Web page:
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I have given up on macroeconomics.
Certainly it is a worthy field of study. But the science is too young, the systems it studies are too complex, and its practitioners are too often politicized for me to take its prescripts seriously in most policy debates.Last week President Obama visited a new stimulus-funded electric-vehicle battery manufacturing facility in Michigan. The factory produces a product for which there is virtually no market, where worldwide manufacturing capacity already outpaces demand by a factor of three, and whose sales will depend on the government heavily subsidizing its customers.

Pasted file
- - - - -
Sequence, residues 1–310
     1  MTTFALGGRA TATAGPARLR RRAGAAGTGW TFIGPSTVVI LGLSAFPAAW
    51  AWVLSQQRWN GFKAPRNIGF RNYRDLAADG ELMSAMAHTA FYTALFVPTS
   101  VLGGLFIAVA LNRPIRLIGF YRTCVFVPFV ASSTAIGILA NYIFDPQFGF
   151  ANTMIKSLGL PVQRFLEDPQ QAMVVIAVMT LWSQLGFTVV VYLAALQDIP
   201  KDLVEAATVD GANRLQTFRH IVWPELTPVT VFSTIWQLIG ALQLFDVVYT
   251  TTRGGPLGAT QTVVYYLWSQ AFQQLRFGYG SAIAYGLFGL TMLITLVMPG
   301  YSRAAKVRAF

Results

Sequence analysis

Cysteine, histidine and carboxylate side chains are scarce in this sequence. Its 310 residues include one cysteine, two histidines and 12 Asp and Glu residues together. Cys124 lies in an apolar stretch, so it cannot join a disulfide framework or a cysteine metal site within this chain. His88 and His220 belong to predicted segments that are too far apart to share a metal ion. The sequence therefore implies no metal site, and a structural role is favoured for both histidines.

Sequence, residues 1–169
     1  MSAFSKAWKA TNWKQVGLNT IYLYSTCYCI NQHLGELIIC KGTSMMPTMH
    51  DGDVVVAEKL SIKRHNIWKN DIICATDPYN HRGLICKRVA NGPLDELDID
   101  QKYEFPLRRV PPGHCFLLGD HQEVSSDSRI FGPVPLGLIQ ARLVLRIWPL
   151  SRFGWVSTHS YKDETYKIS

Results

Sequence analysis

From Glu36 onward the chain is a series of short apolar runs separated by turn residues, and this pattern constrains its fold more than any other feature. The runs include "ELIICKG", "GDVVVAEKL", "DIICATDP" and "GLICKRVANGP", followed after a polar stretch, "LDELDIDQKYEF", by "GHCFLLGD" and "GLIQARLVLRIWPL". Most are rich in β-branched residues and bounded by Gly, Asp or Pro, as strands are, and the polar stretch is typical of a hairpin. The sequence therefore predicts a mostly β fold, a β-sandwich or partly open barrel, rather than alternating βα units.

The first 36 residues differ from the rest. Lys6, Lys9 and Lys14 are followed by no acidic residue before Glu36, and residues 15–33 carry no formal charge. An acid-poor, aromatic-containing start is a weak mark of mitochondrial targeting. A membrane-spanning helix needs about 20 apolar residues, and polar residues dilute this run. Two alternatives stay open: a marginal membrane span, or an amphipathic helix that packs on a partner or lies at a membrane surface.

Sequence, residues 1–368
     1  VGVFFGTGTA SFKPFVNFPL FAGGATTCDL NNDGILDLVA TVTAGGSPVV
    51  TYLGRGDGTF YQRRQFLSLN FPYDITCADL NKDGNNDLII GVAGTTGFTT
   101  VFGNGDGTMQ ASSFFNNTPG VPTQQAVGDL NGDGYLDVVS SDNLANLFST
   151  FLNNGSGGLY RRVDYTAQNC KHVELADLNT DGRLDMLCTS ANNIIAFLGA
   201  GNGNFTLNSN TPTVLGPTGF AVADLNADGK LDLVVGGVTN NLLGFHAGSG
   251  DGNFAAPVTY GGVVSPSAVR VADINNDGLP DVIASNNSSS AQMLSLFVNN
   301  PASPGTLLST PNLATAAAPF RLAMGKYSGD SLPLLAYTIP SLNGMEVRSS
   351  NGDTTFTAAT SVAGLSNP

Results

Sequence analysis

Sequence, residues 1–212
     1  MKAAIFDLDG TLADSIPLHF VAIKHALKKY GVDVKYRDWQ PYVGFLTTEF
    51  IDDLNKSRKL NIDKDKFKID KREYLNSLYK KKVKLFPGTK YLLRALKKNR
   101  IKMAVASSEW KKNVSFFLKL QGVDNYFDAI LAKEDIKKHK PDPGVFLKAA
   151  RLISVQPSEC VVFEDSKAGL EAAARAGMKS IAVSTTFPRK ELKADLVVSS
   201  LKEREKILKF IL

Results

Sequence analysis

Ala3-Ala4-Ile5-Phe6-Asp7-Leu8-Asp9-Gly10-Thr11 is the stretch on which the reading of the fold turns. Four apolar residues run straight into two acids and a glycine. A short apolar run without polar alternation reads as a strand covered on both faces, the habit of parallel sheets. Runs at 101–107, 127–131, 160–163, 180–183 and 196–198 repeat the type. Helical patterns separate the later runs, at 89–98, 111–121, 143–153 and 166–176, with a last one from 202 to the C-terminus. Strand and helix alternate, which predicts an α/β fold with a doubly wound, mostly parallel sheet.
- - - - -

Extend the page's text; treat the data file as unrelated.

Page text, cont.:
Nobel prize-winning economist Paul Krugman often writes that only by authorizing much more of exactly this kind of government spending can we pull out of the current recession. Apparently, the way to economic growth is to have the operator of the Post Office, rather than private individuals, invest money. Hearing this, I can't come to any conclusion except that the field of macroeconomics is lost.
My training is not in economics, but in business and management. Perhaps I am biased by my background, which includes 15 years of strategy and planning at large corporations and 10 years running my own business. But my framework for economic growth is a simple one: For growth to occur, someone has to make an investment.